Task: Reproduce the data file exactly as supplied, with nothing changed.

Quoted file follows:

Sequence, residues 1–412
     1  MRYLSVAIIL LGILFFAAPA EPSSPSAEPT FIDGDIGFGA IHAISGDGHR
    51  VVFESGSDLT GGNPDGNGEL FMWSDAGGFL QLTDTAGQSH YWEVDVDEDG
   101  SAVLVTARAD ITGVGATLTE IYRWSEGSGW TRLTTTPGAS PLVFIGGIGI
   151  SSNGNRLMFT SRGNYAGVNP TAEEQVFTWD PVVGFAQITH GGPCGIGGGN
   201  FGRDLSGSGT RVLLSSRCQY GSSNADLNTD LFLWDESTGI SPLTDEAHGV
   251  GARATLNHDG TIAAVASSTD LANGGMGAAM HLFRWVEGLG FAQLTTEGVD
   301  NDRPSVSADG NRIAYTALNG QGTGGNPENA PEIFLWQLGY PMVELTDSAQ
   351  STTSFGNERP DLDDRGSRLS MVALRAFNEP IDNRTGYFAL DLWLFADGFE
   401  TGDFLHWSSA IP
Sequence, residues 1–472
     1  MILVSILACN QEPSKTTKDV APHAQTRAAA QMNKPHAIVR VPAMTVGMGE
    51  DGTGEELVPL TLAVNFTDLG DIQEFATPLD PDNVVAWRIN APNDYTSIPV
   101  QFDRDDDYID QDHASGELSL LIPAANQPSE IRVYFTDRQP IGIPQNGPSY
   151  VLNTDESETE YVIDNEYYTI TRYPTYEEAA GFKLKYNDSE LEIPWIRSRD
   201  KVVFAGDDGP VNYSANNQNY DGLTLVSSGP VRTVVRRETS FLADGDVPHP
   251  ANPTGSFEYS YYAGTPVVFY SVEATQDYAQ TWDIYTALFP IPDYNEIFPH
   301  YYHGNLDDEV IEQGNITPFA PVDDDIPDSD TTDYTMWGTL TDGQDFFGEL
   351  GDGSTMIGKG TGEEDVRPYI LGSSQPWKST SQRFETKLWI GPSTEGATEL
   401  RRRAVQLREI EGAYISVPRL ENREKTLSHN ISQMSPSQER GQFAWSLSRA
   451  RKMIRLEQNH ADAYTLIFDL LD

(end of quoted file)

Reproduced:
Sequence, residues 1–412
     1  MRYLSVAIIL LGILFFAAPA EPSSPSAEPT FIDGDIGFGA IHAISGDGHR
    51  VVFESGSDLT GGNPDGNGEL FMWSDAGGFL QLTDTAGQSH YWEVDVDEDG
   101  SAVLVTARAD ITGVGATLTE IYRWSEGSGW TRLTTTPGAS PLVFIGGIGI
   151  SSNGNRLMFT SRGNYAGVNP TAEEQVFTWD PVVGFAQITH GGPCGIGGGN
   201  FGRDLSGSGT RVLLSSRCQY GSSNADLNTD LFLWDESTGI SPLTDEAHGV
   251  GARATLNHDG TIAAVASSTD LANGGMGAAM HLFRWVEGLG FAQLTTEGVD
   301  NDRPSVSADG NRIAYTALNG QGTGGNPENA PEIFLWQLGY PMVELTDSAQ
   351  STTSFGNERP DLDDRGSRLS MVALRAFNEP IDNRTGYFAL DLWLFADGFE
   401  TGDFLHWSSA IP
Sequence, residues 1–472
     1  MILVSILACN QEPSKTTKDV APHAQTRAAA QMNKPHAIVR VPAMTVGMGE
    51  DGTGEELVPL TLAVNFTDLG DIQEFATPLD PDNVVAWRIN APNDYTSIPV
   101  QFDRDDDYID QDHASGELSL LIPAANQPSE IRVYFTDRQP IGIPQNGPSY
   151  VLNTDESETE YVIDNEYYTI TRYPTYEEAA GFKLKYNDSE LEIPWIRSRD
   201  KVVFAGDDGP VNYSANNQNY DGLTLVSSGP VRTVVRRETS FLADGDVPHP
   251  ANPTGSFEYS YYAGTPVVFY SVEATQDYAQ TWDIYTALFP IPDYNEIFPH
   301  YYHGNLDDEV IEQGNITPFA PVDDDIPDSD TTDYTMWGTL TDGQDFFGEL
   351  GDGSTMIGKG TGEEDVRPYI LGSSQPWKST SQRFETKLWI GPSTEGATEL
   401  RRRAVQLREI EGAYISVPRL ENREKTLSHN ISQMSPSQER GQFAWSLSRA
   451  RKMIRLEQNH ADAYTLIFDL LD